- Seattle socialist: Minimum-wage discussion skewed by ‘right-wing’ GAO analysis
- U.N. warns of Muslim ‘cleansing’ in Central African Republic
- Senate blocks change to military sex assault cases
- Drug mix may have cured child born with HIV, doctors say
- De Blasio’s wife irks former mansion chef with ‘servant’ remark
- Russia’s neighbors shiver amid Putin’s Cold War moves in Ukraine
- New SAT: The essay portion is to become optional
- Military group can’t march to honor the fallen at Boston Marathon due to security changes
- Senate passes bills deleting ‘retarded’ from laws
- China announces biggest military hike in 3 years: We are not ‘boy scouts with spears’
China’s ‘Mystery’ vies for Golden Horse film award
TAIPEI, TAIWAN (AP) - A dark melodrama by an oft-censored Chinese director heads entries in the best film category at Taiwan’s Golden Horse Film festival, catapulting mainland cinema to center stage at the event considered the Chinese-language Oscars.
Lou Ye’s “Mystery” tells the story of a mild-mannered woman who mounts a radical revenge after uncovering her husband’s infidelity.
Lou’s films, which have long focused on sensitive subjects like sex, violence and politics, have repeatedly been censored by China’s cultural authorities. He was prohibited from filmmaking for five years after submitting “Summer Palace” _ about a generation’s awakening and disillusionment _ to the Cannes Film Festival without government approval in 2006.
“Mystery” is seen as marking Lou’s entry into the commercial mainstream after years on the social and artistic edge, though his Chinese microblog says that censors asked him _ and he agreed _ to delete some violent scenes from the film.
In the best picture category, “Mystery” faces tough competition from Hong Kong director Johnnie To’s “Life Without Principle,” a movie about ordinary citizens caught in the fallout of the global financial meltdown. To is also up for best director, while veteran actor Lau Ching Wan, who portrays a triad thug seeking to recover money lost in a loan shark scheme is seen as a hot contender for best actor.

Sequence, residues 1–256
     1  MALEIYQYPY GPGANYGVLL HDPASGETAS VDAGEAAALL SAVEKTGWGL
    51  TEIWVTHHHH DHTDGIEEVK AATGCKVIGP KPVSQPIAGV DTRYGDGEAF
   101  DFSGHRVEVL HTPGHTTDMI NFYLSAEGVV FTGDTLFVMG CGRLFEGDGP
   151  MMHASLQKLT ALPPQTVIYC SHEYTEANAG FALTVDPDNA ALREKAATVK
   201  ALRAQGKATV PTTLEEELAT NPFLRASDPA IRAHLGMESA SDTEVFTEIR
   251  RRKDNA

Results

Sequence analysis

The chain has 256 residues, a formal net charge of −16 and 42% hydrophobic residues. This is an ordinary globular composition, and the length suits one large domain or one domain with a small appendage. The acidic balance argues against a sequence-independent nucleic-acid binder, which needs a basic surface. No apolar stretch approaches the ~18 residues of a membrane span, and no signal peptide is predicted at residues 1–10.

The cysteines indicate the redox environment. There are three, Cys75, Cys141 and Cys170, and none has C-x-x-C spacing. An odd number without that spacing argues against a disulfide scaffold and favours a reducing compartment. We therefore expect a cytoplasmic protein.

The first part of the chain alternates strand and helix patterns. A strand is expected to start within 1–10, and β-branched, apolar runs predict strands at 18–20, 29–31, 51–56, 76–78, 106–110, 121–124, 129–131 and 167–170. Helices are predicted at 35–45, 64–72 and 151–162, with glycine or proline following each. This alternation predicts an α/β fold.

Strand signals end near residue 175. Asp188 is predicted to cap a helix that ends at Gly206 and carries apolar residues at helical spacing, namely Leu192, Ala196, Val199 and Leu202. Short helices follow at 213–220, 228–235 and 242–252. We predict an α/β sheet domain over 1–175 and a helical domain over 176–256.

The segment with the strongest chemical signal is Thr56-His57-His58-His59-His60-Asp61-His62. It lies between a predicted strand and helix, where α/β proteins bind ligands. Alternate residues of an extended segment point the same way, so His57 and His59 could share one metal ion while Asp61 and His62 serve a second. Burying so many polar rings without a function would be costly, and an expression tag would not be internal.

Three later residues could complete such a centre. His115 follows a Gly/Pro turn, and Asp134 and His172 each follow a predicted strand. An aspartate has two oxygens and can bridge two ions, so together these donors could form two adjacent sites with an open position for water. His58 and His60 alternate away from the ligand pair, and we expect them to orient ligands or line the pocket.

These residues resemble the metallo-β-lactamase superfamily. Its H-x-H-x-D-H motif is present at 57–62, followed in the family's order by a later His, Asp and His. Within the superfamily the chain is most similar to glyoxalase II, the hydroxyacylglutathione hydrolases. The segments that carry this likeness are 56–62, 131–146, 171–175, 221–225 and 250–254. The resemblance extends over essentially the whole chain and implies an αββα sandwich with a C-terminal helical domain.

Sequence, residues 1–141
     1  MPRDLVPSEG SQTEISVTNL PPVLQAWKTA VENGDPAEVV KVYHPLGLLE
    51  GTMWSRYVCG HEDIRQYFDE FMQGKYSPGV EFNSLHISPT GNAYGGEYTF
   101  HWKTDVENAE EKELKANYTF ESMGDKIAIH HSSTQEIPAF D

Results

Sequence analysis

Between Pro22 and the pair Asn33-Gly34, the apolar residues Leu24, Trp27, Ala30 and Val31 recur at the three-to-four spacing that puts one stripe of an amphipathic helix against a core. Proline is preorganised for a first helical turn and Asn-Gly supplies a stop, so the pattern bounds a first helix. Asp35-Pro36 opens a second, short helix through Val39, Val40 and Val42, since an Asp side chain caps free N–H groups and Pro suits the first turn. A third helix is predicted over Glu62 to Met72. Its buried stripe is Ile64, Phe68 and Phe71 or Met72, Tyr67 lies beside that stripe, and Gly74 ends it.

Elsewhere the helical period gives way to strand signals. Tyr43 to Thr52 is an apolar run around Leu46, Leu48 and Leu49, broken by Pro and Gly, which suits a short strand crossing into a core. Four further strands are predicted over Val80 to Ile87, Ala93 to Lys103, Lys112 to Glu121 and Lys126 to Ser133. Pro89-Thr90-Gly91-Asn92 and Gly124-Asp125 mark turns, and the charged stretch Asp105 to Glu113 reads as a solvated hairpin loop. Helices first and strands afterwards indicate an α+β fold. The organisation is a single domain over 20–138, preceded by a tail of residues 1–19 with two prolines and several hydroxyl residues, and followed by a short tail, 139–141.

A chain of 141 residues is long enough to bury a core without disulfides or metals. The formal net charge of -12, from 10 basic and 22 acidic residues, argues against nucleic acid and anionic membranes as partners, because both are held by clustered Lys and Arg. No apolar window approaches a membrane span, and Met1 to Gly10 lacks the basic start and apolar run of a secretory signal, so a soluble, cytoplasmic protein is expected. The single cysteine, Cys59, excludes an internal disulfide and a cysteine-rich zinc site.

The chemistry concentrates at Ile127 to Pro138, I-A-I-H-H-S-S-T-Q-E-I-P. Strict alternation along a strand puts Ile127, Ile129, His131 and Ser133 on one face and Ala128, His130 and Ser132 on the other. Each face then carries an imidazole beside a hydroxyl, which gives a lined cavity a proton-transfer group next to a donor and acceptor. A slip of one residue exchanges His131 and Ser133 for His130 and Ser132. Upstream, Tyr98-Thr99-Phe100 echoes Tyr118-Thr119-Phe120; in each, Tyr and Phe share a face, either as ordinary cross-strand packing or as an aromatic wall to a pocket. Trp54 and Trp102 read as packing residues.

Taiwan-made “Gf-Bf” has seven nominations, including for film and director. Its best shot may be in the best actor category, where Joseph Chang portrays a gay man in a romantic triangle involving three former high-school classmates.
Also competing for the best film award are China’s “Beijing Blues,” about plainclothes crime-hunters, and “The Bullet Vanishes,” a Hong Kong-China co-production about a detective investigating a series of murders in Shanghai of the 1930s.
The awards ceremony is Saturday evening.
TWT Video Picks
By Tammy Bruce
- Aronofsky's 'Noah' banned in Qatar, Bahrain, United Arab Emirates
- AP Exclusive: Man said to create bitcoin denies it
- Back to the Future: HUVr Tech marketing video goes viral with hoverboard release tease
- Russias Putin nominated for Nobel Peace Prize
- Putin has transformed Russian army into a lean, mean fighting machine
- Unemployment insurance vote could happen next week
- First pot business license issued in Washington
- 1M kids stop school lunch due to Michelle Obamas food standards
- Bill Clinton poses for photo with Bunny Ranch prostitutes
- U.S. tasks Navy destroyer to Black Sea amid Ukraine tensions
Pope Francis meets his 'mini-me'
Celebrity deaths in 2014
Winter storm hits states — again